“Stephen Hawking knows what happened before the Big Bang,” a headline in USA Today proclaimed after an interview with the famous astrophysicist aired Sunday on Neil deGrasse Tyson’s television show, Star Talk. The newspaper and other media made it sound like Hawking cried “Eureka!” and solved one of cosmology’s biggest mysteries.
In reality, Hawking described to Tyson a theory he and a colleague, Jim Hartle, developed decades ago and presented in his 1988 book A Brief History of Time. In the most simplistic terms, Hawking proposes that time is finite but has no boundaries. He compares space-time before the Big Bang to a sphere such as the Earth and the beginning of time to a single point on the sphere such as the South Pole.
“There is nothing south of the South Pole, so there was nothing around before the Big Bang,” he told Tyson.
Many religious groups, including the Catholic Church, have accepted the Big Bang theory because it proposes that time had a beginning and therefore could also have had a beginner or creator. But Hawking says the no-boundary theory refutes the possibility of a creator. Although time had a beginning, the laws of physics existed before time, he argues.
“One wouldn’t have to appeal to something outside the universe, to determine how the universe began,” he said in a lecture.
Hawking and Tyson are some of the best-known astrophysicists because of their efforts to make the fundamentals of the field accessible to the general public. Perhaps that’s why media like USA Today accept their theories as settled science. But the no-boundary theory has many caveats, and there are some competing theories, too. For example, Young Earth creationists have developed theoretical explanations for why the light of distant stars seems so old to us when the world, according to a literal reading of Genesis, is very young.
Others caution against assuming an exciting working theory is a proven fact.
“Although many of the caveats are noted in the book, there is the danger that Hawking’s enthusiasm for his proposal may lead the less-cautious reader to become more convinced of its correctness than there is yet evidence to warrant,” wrote University of Alberta astrophysicist Don Page, a self-described evangelical Christian, in a 1988 review of A Brief History of Time.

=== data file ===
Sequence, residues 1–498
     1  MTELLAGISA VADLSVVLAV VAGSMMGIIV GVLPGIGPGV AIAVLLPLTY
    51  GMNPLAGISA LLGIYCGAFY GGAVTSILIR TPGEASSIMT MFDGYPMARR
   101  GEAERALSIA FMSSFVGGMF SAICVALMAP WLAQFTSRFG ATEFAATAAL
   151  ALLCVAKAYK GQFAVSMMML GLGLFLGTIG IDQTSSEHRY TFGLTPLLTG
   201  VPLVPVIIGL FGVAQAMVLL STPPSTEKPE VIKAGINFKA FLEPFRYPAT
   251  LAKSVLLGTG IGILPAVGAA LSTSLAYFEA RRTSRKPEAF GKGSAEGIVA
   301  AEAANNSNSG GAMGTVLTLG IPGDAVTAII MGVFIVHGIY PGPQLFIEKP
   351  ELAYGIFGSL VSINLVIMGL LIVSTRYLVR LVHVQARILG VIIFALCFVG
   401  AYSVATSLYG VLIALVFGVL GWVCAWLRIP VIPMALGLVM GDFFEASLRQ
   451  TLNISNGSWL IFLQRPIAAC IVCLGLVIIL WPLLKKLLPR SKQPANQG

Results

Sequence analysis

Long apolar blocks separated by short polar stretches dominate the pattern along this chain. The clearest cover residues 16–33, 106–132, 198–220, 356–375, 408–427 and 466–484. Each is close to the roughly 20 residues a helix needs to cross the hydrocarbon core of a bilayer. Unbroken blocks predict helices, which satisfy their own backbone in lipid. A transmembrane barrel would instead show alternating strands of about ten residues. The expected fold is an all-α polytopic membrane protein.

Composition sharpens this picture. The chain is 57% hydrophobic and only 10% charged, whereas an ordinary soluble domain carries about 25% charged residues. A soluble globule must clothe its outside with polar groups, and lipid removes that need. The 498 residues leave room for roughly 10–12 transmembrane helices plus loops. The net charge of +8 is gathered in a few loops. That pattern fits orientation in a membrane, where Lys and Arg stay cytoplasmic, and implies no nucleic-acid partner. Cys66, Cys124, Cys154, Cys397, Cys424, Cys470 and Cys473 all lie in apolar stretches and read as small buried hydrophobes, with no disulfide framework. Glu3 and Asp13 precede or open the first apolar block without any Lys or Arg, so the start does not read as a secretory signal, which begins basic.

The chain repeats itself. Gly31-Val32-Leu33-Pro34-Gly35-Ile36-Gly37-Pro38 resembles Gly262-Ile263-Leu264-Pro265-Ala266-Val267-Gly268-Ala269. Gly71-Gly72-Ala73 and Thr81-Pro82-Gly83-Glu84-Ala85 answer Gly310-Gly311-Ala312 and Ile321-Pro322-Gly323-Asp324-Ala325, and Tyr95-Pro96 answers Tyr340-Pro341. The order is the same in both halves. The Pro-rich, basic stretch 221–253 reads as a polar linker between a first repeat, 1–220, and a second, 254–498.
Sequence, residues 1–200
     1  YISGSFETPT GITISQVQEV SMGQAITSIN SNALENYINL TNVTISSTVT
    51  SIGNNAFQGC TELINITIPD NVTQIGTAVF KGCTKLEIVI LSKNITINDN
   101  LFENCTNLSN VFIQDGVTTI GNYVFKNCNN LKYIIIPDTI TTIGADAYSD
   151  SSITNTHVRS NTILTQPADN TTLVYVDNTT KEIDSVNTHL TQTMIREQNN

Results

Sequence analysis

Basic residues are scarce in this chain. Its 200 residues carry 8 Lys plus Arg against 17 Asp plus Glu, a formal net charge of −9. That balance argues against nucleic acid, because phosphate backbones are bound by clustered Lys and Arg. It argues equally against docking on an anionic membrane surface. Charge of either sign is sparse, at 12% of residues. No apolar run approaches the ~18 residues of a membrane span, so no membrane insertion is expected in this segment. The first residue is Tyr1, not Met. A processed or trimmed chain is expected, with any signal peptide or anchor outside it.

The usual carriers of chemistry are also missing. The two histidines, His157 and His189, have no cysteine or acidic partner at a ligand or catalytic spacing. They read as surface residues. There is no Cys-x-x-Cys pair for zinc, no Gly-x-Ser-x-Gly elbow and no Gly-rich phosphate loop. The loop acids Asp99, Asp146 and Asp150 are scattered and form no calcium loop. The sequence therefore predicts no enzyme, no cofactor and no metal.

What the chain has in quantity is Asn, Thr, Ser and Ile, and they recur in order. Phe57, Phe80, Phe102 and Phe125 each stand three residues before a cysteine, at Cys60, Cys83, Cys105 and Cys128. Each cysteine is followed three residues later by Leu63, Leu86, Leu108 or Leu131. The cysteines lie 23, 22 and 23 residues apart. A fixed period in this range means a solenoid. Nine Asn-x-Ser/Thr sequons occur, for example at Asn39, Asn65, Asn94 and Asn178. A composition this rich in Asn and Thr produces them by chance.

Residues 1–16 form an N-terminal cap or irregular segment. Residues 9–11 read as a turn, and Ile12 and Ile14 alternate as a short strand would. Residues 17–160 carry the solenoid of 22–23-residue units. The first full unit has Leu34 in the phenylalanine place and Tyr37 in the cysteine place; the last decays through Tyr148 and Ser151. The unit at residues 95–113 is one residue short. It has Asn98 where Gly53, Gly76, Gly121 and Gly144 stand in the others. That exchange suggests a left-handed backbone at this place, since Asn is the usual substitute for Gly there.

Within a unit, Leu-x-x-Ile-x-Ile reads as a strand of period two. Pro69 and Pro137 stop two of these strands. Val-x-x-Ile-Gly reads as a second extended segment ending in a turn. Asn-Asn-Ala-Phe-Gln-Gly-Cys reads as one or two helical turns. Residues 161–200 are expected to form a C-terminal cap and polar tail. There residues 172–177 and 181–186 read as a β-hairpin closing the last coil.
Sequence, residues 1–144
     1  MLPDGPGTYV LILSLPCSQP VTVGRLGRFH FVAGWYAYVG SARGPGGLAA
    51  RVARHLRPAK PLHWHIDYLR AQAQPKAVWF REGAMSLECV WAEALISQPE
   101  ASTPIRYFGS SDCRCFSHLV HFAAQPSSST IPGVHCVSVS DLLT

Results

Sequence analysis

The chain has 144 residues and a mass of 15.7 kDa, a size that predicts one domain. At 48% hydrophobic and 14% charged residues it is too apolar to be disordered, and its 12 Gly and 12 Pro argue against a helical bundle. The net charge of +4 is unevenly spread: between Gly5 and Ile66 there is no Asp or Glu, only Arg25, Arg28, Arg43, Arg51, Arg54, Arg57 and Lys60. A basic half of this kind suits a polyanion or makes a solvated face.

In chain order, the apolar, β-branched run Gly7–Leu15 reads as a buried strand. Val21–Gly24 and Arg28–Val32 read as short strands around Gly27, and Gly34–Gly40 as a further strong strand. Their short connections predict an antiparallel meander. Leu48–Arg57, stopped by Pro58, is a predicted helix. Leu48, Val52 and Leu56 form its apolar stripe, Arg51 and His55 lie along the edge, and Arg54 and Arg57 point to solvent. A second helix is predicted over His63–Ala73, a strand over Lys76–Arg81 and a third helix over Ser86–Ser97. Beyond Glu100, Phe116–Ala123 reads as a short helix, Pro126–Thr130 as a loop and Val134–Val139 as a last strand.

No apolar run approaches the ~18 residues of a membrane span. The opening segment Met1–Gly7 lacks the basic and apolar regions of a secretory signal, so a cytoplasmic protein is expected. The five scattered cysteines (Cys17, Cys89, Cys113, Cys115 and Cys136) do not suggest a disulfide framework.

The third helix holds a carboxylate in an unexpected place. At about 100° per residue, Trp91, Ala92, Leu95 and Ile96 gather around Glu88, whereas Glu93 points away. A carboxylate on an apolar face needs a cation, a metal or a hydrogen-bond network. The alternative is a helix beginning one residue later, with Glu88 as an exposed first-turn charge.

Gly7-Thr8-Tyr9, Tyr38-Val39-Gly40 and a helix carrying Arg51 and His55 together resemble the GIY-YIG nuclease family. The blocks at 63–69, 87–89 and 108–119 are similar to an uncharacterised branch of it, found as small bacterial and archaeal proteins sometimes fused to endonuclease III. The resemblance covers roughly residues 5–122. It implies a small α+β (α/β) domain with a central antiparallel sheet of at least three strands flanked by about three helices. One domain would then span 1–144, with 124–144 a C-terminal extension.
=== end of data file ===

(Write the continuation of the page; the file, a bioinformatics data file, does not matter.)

Astrophysicist George Ellis from the University of Cape Town in South Africa has written about the horizons of cosmology, or the points beyond which science cannot observe what’s really going on.
“You will find various people trying to tell you they have got the theory of how the universe began,” Ellis told me. “You’ve got those theories, but none of them are proven science. … In the end, the mature view of cosmology will be we will run into uncertainty at larger scales.”
Ellis believes the universe had a creator, as does Page.
“I don’t think whether the universe had a beginning in time is directly relevant to the question of whether or not it was created,” he told me. God created the laws of physics and is not limited by them, he noted. That leaves room for God to intervene in creation with acts such as the resurrection of Jesus, Page said: “I personally think the resurrection was an occasion in which God really did do something different.”